Ductal Lavage for Breast Cancer Risk Assessment

Lisa A. Newman, MD, MPH, FACS, Cassann Blake, MD


Cancer Control. 2002;9(6) 

In This Article

Evaluation of Lavage Fluid

When the lavage fluid yields frankly malignant cells, it is prudent to confirm the assessment with a second opinion cytopathology evaluation. Repeat breast imaging with mammography and ultrasound followed by a ductography and/or ductoscopy might also be useful, and repeat lavage to determine whether the abnormality is reproducible should also be considered. Breast MRI[36] can also be highly sensitive for detecting an otherwise occult breast tumor. If the entire workup is negative, a terminal duct excision would intuitively seem to be a rational diagnostic approach, but the yield for this strategy is unknown. In summary, the optimal and most definitive means of managing the patient found to have malignant cells on ductal lavage and localizing the site of breast pathology is unclear at present. Fortunately, this condition is unusual, occurring in less than 1% of high-risk women who undergo ductal lavage as a risk assessment procedure.[5]

Many high-risk women are seeking some measure of individualized evidence to determine the appropriate timing for risk reduction intervention. The decision to commit to 5 years of tamoxifen use or to undergo prophylactic mastectomy is a difficult one for the individual patient. Ductal lavage offers a promising opportunity to clarify risk for these women at any given point in time. However, ductal lavage has not yet been fully integrated into the healthcare third-party payor system. Insurance companies are not universally cognizant of the value and indications for ductal lavage as a risk assessment tool. Reimbursement policies have not been standardized, which limits the availability of the procedure. A patient who wishes to undergo the procedure must be counseled that prior approval with her health insurance carrier will be necessary to minimize out-of-pocket expenses.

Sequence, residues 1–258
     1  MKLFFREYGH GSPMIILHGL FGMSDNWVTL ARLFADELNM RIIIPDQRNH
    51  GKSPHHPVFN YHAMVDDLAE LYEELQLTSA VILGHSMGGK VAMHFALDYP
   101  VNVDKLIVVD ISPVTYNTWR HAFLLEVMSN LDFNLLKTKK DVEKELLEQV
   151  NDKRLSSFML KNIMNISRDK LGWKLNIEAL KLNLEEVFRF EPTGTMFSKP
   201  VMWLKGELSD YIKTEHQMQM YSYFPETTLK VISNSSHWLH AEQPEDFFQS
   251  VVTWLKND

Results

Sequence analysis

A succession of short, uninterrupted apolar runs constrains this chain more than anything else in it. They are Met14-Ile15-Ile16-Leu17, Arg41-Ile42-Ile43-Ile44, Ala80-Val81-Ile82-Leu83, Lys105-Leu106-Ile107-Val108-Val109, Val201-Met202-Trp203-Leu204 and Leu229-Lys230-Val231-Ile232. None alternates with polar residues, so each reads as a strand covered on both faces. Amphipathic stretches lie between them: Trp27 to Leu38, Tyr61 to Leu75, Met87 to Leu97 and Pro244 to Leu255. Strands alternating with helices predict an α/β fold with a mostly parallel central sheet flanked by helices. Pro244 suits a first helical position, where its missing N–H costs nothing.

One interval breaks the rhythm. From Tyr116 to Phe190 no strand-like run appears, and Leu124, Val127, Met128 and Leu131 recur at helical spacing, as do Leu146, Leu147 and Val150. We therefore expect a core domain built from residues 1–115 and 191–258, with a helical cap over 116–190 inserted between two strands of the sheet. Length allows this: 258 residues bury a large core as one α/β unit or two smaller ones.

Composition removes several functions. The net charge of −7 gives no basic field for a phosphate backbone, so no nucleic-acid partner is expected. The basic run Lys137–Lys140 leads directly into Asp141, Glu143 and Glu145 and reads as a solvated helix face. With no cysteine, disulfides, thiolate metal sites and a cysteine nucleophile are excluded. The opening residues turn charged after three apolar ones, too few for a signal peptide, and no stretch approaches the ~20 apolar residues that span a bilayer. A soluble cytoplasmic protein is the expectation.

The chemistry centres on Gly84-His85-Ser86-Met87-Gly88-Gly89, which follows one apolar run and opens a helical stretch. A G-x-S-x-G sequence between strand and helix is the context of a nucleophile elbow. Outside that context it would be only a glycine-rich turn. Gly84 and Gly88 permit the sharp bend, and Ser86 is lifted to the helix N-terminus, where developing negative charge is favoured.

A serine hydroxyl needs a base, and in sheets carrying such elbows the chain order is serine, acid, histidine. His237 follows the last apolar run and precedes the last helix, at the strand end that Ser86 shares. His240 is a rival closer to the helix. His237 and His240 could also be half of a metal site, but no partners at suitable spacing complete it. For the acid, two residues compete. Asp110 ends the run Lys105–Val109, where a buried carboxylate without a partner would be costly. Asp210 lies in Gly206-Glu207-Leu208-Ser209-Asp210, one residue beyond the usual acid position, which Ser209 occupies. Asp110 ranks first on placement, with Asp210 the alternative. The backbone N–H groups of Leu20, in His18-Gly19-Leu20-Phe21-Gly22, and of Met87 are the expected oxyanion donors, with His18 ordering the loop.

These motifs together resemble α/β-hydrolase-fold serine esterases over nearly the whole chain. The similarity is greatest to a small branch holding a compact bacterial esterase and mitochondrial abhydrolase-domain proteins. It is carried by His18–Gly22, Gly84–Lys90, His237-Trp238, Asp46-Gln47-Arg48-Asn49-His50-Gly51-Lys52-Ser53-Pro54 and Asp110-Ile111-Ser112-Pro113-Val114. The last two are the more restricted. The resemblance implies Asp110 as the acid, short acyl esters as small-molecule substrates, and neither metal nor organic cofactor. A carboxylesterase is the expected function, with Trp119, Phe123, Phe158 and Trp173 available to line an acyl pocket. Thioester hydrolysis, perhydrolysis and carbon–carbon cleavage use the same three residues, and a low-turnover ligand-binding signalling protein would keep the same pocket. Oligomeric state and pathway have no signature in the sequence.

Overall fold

As ductal lavage is evaluated further by the oncology research community, we may develop other applications for its use. For example, ductal lavage may be incorporated into neoadjuvant chemotherapy protocols to monitor response. Also, ductal lavage findings may be analyzed in long-term tamoxifen users to study molecular changes and perhaps to identify patients developing tamoxifen resistance. The procedure may even become useful in assessing candidates for breast conservation therapy. At present, these possibilities are speculative and will require investigation in the context of carefully designed clinical trials.


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